*Consult prescribing information for dosing in special populations. IV, intravenous; CrCl, creatinine clearance.  From MPR: Medical Professionals Reference .

Herpes zoster ophthalmicus is a condition in which VZV reactivates within the trigeminal nerve and can cause blindness. Early consultation with an ophthalmologist and treatment with antiviral therapy are critical for preventing vision loss.7  Adjunctive topical steroid drops may be used if there is significant inflammation or in the presence of complications such as stromal keratitis or uveitis; however, as topical steroid drops have been associated with worsening of epithelial disease, they should be used with caution.13


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2. Arvin AM. Varicella-zoster virus. Clin Microbiol Rev. 1996;9(3):361-381. doi:10.1128/CMR.9.3.361

3. Cheatham WJ, Dolan TF Jr, Dower JC, Weller TH. Varicella: report of two fatal cases with necropsy, virus isolation, and serologic studies. Am J Pathol. 1956;32(5):1015-1035.

4. Lopez AS, Zhang J, Marin M. Epidemiology of varicella during the 2-dose varicella vaccination program – United States, 2005-2014. MMWR Morb Mortal Wkly Rep. 2016;65(34):902-905. doi:10.15585/mmwr.mm6534a4

5. Shingles (herpes zoster). Centers for Disease Control and Prevention.  Accessed April 19, 2023.

6. Gershon AA, Breuer J, Cohen JI, et al. Varicella zoster virus infection. Nat Rev Dis Primers. 2015;1:15016.  doi:10.1038/nrdp.2015.16

7. Harpaz R, Ortega-Sanchez IR, Seward JF. Advisory Committee on Immunization Practices (ACIP) Centers for Disease Control and Prevention (CDC). Prevention of herpes zoster: recommendations of the Advisory Committee on Immunization Practices (ACIP). MMWR Recomm Rep. 2008;57(RR-5):1-30; quiz CE2-4.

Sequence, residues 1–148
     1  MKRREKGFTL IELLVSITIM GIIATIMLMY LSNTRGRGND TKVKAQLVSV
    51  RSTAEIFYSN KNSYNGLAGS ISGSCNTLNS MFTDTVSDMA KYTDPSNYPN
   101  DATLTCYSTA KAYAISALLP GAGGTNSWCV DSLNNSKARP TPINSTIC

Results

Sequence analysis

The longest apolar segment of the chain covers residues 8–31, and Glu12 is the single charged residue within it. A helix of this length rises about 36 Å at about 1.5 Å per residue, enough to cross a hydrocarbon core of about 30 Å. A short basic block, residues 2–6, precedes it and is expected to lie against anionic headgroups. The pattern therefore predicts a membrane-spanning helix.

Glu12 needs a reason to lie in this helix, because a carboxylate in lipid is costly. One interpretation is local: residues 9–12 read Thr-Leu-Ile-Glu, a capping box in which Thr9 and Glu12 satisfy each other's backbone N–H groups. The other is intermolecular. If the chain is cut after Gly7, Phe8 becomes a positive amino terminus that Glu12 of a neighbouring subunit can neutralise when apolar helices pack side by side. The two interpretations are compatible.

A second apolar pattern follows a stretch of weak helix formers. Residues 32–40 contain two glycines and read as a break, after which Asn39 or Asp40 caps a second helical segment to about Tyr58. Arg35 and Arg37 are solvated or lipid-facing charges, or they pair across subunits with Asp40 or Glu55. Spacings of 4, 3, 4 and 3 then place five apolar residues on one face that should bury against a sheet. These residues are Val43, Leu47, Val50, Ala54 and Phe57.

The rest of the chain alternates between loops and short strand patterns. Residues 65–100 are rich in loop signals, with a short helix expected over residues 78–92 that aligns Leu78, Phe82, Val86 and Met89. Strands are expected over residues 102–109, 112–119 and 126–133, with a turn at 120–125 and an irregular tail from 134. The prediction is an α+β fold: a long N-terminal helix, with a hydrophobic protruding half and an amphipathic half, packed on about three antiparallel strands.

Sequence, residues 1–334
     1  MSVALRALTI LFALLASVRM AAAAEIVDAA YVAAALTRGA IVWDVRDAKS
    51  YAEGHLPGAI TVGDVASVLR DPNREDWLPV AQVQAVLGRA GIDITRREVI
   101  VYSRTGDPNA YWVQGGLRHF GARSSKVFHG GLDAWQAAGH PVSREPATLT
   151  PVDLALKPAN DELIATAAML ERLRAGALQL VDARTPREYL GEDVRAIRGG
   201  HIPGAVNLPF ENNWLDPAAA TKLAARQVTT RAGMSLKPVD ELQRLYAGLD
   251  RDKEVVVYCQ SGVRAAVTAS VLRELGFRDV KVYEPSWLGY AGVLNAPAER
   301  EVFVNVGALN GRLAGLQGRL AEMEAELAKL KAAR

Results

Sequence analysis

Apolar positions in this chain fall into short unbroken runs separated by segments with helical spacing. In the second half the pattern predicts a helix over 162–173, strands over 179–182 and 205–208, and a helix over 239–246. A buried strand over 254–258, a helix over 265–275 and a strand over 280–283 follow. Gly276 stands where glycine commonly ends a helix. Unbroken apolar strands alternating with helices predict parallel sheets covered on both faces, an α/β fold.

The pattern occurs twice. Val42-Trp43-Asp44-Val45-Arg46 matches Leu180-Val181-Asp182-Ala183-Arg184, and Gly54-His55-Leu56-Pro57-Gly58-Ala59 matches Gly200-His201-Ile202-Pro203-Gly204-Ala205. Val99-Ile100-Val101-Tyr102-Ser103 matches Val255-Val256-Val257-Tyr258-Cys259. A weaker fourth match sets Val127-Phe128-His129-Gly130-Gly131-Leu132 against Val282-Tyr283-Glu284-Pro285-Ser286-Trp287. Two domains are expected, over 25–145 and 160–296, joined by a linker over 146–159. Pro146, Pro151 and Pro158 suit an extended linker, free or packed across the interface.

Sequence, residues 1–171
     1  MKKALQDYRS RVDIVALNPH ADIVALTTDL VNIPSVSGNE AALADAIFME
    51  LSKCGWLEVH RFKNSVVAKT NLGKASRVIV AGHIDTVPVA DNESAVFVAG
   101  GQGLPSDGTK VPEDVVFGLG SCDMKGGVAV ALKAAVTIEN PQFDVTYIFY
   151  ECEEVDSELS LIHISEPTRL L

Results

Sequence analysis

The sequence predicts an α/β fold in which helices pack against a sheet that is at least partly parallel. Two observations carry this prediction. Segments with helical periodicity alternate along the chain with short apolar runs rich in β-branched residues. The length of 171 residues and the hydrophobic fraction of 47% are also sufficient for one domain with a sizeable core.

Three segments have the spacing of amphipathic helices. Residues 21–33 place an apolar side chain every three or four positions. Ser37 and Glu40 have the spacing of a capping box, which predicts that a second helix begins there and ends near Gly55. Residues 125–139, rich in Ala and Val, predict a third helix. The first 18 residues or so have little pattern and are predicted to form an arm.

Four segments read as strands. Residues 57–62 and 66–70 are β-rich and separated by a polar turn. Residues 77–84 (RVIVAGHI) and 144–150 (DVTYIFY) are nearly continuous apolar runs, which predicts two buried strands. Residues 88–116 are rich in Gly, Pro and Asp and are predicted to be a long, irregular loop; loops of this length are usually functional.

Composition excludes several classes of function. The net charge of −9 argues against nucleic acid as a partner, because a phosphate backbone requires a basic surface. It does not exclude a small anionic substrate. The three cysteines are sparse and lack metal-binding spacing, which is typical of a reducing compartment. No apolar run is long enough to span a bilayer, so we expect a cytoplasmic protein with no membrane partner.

8. Yawn BP, Saddier P, Wollan PC, St Sauver JL, Kurland MJ, Sy LS. A population-based study of the incidence and complication rates of herpes zoster before zoster vaccine introduction [published correction appears in Mayo Clin Proc. 2008;83(2):255]. Mayo Clin Proc. 2007;82(11):1341-1349. doi:10.4065/82.11.1341

9. Schmader K. Herpes zoster in older adults. Clin Infect Dis. 2001;32(10):1481-1486. doi:10.1086/320169

10. Varicella. Centers for Disease Control and Prevention. Accessed April 19, 2023.

11. Sampathkumar P, Drage LA, Martin DP. Herpes zoster (shingles) and postherpetic neuralgia. Mayo Clin Proc. 2009;84(3):274-280. doi:10.1016/S0025-6196(11)61146-4

12. Swingler GH. Chickenpox. BMJ Clin Evid. 2007;2007:0912. 

13. Vrcek I, Choudhury E, Durairaj V. Herpes zoster ophthalmicus: a review for the internist. Am J Med. 2017;130:21-26. doi:10.1016/j.amjmed.2016.08.039

Author Bio

Mark Arredondo, MD, is an internal medicine physician who began his career as a scholar for the National Health Service Corps, serving the most medically underserved. He currently serves as medical director of the Portage County Combined General Health District in Ravenna, Ohio. Dr Arredondo is a member of the Master Teacher Guild and has taught medical students and nurse practitioner students for more than 25 years.